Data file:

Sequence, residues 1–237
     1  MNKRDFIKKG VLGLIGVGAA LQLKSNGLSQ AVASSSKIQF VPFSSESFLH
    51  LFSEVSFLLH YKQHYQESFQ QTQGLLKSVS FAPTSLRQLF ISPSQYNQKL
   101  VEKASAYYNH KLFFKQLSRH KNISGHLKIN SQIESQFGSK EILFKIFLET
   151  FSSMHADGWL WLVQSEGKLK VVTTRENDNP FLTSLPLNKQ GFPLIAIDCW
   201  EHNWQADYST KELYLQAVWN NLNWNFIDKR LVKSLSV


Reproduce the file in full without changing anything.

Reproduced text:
Sequence, residues 1–237
     1  MNKRDFIKKG VLGLIGVGAA LQLKSNGLSQ AVASSSKIQF VPFSSESFLH
    51  LFSEVSFLLH YKQHYQESFQ QTQGLLKSVS FAPTSLRQLF ISPSQYNQKL
   101  VEKASAYYNH KLFFKQLSRH KNISGHLKIN SQIESQFGSK EILFKIFLET
   151  FSSMHADGWL WLVQSEGKLK VVTTRENDNP FLTSLPLNKQ GFPLIAIDCW
   201  EHNWQADYST KELYLQAVWN NLNWNFIDKR LVKSLSV